22 June 2010

Workplace Privacy: Ontario Prevails on Data Audit...

Operational Risk Management professionals in corporate America have been following the Quon vs. City of Ontario case for five plus years. Now the Supreme Court of the United States has ruled 9-0 to increase the clarity on the new age of electronic privacy in the workplace. The LA Times explains:

Washington…In its first ruling on the rights of employees who send messages on the job, the Supreme Court rejected a broad right of privacy for workers Thursday and said supervisors may read through an employee's text messages if they suspect the work rules are being violated.

In a 9-0 ruling, the justices said a police chief in southern California did not violate the constitutional rights of an officer when he read the transcripts of sexually explicit text messages sent from the officer's pager.

In this case, the high court said the police chief's reading of the officer's text messages was a search, but it was also reasonable.

Police Sgt. Jeff Quon had sued the chief and the city of Ontario, California after he learned the chief had read through thousands of text messages he had sent to his wife and a girl friend. Quon won in the 9th Circuit Court of Appeals, but lost in the Supreme Court Thursday.

The scope of the investigation by the employer was not unreasonable and within the scope of determining whether the large amount of text messages was work related. What kind of corporate risk initiatives will be impacted by this ruling?

As corporations continue to battle the "Insider" risk associated with occupational fraud, workplace violence related stalking or sexting, industrial espionage, corruption and violations of acceptable use policies this case will become an example. What will continue to be the challenge for OPS Risk professionals who are responsible for internal monitoring, digital asset audits and insider investigations of potential malfeasance is the scope and reasonable nature of the case.

Get ready for a rush to the local Verizon Wireless or AT&T store for your own personal PDA or iPhone due to Justice Kennedy's ruling:

What’s more, Kennedy suggested that privacy in the modern age has more than one meaning.

“Cell phone and text message communications are so pervasive that some persons may consider them to be essential means or necessary instruments for self-expression, even self identification. That might strengthen the case for an expectation of privacy. On the other hand, the ubiquity of those devices has made them generally affordable, so one could counter that employees who need cell phones or similar devices for personal matters can purchase and pay for their own. And employer policies concerning communications will of course shape the reasonable expectations of their employees, especially to the extent that such policies are clearly communicated. “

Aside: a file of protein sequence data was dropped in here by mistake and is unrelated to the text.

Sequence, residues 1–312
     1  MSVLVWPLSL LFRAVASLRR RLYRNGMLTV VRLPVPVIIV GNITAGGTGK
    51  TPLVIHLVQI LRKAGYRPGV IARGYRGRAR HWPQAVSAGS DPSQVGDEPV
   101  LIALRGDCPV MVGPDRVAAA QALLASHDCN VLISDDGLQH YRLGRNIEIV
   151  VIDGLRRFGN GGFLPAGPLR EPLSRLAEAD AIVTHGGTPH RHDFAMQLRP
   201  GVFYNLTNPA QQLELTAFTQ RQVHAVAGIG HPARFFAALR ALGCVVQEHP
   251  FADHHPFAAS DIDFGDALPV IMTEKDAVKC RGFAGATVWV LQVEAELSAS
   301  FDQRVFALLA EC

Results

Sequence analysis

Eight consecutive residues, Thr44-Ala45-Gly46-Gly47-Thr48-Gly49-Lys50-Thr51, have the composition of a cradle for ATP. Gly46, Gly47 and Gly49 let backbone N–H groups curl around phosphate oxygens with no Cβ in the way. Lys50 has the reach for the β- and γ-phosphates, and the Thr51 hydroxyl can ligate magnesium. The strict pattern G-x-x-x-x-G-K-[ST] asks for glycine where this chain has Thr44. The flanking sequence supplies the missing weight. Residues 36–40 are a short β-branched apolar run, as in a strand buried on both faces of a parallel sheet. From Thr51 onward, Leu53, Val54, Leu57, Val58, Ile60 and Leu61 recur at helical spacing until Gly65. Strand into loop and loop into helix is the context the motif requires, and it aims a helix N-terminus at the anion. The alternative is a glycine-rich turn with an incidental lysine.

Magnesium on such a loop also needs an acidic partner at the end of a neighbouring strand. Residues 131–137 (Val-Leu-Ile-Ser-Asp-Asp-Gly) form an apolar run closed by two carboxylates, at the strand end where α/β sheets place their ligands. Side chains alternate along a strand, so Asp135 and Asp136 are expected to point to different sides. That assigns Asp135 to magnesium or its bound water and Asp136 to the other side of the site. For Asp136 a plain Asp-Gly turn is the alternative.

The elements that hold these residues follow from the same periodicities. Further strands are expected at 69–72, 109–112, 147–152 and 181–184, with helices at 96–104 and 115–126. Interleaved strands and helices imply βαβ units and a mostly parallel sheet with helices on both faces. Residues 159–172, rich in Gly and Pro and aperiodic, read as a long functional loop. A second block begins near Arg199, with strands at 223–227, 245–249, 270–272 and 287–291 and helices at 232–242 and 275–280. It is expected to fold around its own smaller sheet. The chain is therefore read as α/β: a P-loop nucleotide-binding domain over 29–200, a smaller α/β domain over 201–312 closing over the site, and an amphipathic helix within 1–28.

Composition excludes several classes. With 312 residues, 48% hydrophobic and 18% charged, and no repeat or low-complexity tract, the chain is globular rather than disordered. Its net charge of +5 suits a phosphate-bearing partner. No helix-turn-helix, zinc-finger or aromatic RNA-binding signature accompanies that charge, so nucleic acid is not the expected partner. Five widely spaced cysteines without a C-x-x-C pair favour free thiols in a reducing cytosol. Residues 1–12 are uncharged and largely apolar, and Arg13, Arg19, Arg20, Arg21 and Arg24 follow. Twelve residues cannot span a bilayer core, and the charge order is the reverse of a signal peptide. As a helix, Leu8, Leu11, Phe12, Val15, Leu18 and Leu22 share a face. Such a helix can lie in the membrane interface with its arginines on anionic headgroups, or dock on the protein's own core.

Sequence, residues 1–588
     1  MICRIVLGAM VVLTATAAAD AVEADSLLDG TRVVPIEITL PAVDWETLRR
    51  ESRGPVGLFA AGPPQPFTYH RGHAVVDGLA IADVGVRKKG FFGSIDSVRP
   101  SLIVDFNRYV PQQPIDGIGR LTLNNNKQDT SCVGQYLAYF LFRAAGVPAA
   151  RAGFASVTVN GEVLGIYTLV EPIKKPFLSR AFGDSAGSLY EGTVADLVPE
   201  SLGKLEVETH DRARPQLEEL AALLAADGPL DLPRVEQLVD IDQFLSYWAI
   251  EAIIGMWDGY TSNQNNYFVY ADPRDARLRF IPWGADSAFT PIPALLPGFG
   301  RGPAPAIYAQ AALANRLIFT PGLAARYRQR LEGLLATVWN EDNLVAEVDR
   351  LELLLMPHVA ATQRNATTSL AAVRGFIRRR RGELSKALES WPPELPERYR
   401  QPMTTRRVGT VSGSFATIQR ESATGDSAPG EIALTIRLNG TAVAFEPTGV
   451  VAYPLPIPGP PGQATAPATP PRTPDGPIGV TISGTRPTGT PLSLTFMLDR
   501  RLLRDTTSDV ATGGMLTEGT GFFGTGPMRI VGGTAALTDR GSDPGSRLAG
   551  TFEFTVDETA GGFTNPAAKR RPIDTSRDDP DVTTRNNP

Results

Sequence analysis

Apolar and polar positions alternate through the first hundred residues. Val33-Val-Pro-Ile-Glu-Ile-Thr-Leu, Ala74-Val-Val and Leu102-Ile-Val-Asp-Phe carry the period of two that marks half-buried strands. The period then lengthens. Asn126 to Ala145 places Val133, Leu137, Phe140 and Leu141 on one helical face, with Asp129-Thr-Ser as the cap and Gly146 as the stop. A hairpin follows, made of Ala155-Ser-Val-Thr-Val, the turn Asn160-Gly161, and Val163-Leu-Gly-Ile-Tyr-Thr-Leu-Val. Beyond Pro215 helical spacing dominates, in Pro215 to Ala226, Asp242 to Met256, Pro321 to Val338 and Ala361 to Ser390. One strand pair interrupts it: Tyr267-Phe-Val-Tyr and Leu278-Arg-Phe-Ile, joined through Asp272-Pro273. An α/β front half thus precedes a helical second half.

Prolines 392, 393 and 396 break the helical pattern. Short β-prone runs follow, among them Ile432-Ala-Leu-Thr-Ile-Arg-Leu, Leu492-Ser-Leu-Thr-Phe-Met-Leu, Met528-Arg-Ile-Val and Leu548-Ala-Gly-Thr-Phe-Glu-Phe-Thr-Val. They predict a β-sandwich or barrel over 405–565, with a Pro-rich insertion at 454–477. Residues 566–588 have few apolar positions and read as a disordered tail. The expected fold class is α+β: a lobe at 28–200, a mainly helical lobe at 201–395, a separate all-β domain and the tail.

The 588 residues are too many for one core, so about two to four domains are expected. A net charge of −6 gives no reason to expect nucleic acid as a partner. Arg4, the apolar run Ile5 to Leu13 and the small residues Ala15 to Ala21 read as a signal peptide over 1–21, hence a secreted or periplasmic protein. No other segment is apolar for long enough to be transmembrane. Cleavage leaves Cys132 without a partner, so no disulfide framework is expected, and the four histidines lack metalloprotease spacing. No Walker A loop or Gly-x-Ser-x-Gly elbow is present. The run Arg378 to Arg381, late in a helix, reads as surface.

If you are the CxO responsible for the auditing of digital assets within the enterprise, or the responsible party for insuring privacy in the workplace it's time to convene a two day workshop to review. Take a few days to bring the legal, privacy, IT and business unit deal makers to the same hotel resort country club to converge on this vital issue. The Operational Risks associated with executive communications that were previously thought to be private may be monitored and audited anytime when company assets are being utilized.

The opportunity to work through different workplace related scenarios, highlight the legal rulings and discuss the "What if's" could mean the difference between adversarial litigation and "Achieving a Defensible Standard of Care."

This is also a good time to establish the foundation for the "Corporate Intelligence Unit" within the enterprise:

Beyond the utilization of threat assessment or management teams, enterprises are going to the next level in creating a "Corporate Intelligence Unit" (CIU). The CIU is providing the "Strategic Insight" framework and assisting the organization in "Achieving a Defensible Standard of Care."

The framework elements that encompass policy, legal, privacy, governance, litigation, security, incidents and safety surround the CIU with effective processes and procedures that provides a push / pull of information flow. Application of the correct tools, software systems and controls adds to the overall milestone of what many corporate risk managers already understand.

The best way in most cases to defend against an insider attack and prevent an insider incident is to continuously help identify the source of the incident, the person(s) responsible and to correlate information on other peers that may have been impacted by the same incident or modus operandi of the subject.

07 June 2010

FCPA Readiness: Training Corporate Aviators...